Wednesday, November 29, 2006

Windows Vista and Office 2007

Windows Vista and Office 2007 are being released today. Windows Vista is the name of the latest release of Microsoft Windows, a line of graphical operating systems used on personal computers, including home and business desktops, notebook computers, and media centers. Prior to its announcement on July 22, 2005, Vista was known byits codename Longhorn. On November 8, 2006, Windows Vista development was completed and is now in the release to manufacturing stage; Microsoft has stated that the scheduled release dates are currently November 30, 2006 for volume license customers and worldwide availability on January 30, 2007. Windows Vista English Edition was released to MSDN subscribers on November 16, 2006. These release dates come more than five years after the release of Windows XP, Microsoft's current consumer and business operating system, making it the longest time span between major releases of Windows.

Only early adopters will upgrade to Vista straight away - for example passionate gamers who want to play flashy games that make use of Microsoft's new Vista-only DirectX 10 standard.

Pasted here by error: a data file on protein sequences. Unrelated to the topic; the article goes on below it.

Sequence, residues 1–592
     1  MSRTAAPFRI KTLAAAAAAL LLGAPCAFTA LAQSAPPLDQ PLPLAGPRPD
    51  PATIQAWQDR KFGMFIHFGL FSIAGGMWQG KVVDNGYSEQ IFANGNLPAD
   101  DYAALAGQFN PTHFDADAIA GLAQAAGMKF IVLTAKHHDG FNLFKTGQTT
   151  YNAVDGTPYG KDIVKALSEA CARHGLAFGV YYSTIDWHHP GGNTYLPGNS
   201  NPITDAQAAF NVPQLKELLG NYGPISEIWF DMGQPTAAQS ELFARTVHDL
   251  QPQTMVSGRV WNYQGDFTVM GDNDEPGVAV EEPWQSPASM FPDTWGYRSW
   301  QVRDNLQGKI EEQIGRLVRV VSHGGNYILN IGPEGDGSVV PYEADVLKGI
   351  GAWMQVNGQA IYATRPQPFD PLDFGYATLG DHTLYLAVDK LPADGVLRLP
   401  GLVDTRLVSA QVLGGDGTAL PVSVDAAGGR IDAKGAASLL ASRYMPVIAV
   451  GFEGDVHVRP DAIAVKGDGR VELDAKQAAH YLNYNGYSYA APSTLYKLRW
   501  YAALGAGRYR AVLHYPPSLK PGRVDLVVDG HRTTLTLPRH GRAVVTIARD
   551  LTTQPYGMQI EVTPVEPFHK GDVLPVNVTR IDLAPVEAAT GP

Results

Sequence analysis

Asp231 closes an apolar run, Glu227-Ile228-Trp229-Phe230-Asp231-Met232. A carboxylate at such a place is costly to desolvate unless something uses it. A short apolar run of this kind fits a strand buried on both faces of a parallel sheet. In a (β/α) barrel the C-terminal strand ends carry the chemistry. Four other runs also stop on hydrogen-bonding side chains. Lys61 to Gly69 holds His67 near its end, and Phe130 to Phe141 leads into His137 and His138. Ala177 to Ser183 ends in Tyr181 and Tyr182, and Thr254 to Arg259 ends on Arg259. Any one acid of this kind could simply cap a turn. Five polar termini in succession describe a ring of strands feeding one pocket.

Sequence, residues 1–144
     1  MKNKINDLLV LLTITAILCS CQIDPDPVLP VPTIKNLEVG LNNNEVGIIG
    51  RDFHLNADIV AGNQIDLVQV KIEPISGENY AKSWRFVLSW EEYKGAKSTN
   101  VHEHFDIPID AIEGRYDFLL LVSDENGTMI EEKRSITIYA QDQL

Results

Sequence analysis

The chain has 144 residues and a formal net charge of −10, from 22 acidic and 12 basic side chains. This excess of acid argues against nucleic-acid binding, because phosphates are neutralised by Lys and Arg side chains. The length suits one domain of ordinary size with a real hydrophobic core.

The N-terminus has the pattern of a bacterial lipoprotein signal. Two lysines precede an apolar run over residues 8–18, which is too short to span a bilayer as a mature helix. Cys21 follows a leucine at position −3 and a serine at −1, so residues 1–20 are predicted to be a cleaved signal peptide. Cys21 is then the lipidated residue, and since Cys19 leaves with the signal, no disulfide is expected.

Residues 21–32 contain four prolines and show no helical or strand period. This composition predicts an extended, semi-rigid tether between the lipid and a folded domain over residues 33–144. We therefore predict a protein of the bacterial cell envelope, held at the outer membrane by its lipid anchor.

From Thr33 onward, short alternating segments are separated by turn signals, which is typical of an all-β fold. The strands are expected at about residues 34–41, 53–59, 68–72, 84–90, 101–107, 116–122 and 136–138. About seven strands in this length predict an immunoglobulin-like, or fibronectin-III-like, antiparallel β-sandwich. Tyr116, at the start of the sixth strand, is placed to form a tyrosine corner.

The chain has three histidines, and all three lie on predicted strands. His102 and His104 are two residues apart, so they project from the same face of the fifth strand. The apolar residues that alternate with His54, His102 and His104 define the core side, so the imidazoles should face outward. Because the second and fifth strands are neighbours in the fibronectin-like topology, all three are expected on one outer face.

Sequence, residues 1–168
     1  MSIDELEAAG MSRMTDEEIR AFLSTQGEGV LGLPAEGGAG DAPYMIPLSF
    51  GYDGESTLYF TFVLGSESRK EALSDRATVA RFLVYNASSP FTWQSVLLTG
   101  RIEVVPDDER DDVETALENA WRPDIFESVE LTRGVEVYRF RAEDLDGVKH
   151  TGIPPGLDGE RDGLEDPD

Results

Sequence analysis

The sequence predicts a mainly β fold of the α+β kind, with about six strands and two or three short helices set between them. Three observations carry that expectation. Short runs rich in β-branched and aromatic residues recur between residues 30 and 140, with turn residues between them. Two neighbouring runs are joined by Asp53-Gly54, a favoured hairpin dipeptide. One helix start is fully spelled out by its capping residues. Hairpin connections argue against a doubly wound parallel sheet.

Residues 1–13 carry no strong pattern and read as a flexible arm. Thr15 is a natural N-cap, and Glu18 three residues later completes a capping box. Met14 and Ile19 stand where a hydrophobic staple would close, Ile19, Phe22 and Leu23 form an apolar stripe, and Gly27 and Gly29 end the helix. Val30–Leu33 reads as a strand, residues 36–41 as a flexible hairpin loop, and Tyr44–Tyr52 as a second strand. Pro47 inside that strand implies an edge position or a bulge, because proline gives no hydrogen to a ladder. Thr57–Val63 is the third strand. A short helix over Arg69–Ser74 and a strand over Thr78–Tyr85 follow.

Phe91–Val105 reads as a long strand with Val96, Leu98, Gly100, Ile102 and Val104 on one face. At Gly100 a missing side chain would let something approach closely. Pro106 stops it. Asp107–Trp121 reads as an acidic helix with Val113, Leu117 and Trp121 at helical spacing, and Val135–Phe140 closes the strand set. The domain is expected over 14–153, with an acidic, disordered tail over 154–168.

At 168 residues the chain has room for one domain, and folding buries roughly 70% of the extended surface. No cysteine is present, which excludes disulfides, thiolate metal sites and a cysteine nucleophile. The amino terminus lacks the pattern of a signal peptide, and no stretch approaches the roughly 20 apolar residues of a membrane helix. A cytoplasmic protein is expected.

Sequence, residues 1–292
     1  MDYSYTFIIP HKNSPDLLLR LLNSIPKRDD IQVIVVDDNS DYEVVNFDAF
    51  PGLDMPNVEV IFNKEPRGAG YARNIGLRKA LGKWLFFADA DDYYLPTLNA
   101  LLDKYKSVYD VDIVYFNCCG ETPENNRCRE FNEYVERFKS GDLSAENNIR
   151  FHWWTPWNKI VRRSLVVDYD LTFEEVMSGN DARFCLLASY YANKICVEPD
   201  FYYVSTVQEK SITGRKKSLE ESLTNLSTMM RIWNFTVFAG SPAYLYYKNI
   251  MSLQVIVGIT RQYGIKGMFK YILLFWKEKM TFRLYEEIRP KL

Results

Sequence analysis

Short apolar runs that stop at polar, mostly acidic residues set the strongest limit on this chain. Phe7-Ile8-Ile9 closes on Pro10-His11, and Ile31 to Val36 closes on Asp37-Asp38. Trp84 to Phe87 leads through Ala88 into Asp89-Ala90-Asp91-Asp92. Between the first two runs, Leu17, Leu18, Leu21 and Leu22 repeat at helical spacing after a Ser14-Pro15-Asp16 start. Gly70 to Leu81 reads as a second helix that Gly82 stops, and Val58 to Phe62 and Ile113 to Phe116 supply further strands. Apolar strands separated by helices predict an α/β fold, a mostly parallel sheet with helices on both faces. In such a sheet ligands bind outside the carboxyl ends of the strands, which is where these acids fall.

Most consumers will adopt Vista gradually, as they replace their old computers. From 30 January 2007 nearly every new Windows computer on every shelf will come either preloaded with Vista, or the promise of a free upgrade to the new operating system.
Traditionally this so-called OEM business (where the operating system is pre-installed on the computer) accounts for about 80% of Microsoft's Windows revenues.

And as Vista is much better than Microsoft's current offering, there is little reason to assume that customers will defect en masse to rivals like Apple or Linux. After all, they failed to do so when Windows XP was riddled with security holes.

It's not much different for large companies, who tend to be firmly wedded in the Microsoft universe.

Most corporate IT managers plan their computer replacement cycles around Windows upgrades.

It helps that Vista can adapt to the hardware capabilities of the computer it runs on.

Companies will take about 18 months to sort out compatibility problems. In 2008 Microsoft is hoping to see massive numbers of upgrades.

The office software will follow a similar pattern, or be even more successful as it can run on both Windows Vista and XP.

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